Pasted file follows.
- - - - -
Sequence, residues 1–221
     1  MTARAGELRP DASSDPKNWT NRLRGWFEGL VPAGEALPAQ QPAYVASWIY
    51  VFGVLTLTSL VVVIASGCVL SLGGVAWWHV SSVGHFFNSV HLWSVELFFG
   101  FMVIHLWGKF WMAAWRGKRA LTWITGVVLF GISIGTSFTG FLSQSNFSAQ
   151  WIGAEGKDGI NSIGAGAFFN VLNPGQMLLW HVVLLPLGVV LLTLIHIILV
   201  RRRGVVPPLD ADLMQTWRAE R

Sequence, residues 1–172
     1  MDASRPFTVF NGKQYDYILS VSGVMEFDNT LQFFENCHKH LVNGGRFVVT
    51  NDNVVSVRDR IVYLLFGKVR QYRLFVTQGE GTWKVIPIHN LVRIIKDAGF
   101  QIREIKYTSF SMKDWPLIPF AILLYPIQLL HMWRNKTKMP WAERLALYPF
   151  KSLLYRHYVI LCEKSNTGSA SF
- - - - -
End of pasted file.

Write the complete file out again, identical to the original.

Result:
Sequence, residues 1–221
     1  MTARAGELRP DASSDPKNWT NRLRGWFEGL VPAGEALPAQ QPAYVASWIY
    51  VFGVLTLTSL VVVIASGCVL SLGGVAWWHV SSVGHFFNSV HLWSVELFFG
   101  FMVIHLWGKF WMAAWRGKRA LTWITGVVLF GISIGTSFTG FLSQSNFSAQ
   151  WIGAEGKDGI NSIGAGAFFN VLNPGQMLLW HVVLLPLGVV LLTLIHIILV
   201  RRRGVVPPLD ADLMQTWRAE R

Sequence, residues 1–172
     1  MDASRPFTVF NGKQYDYILS VSGVMEFDNT LQFFENCHKH LVNGGRFVVT
    51  NDNVVSVRDR IVYLLFGKVR QYRLFVTQGE GTWKVIPIHN LVRIIKDAGF
   101  QIREIKYTSF SMKDWPLIPF AILLYPIQLL HMWRNKTKMP WAERLALYPF
   151  KSLLYRHYVI LCEKSNTGSA SF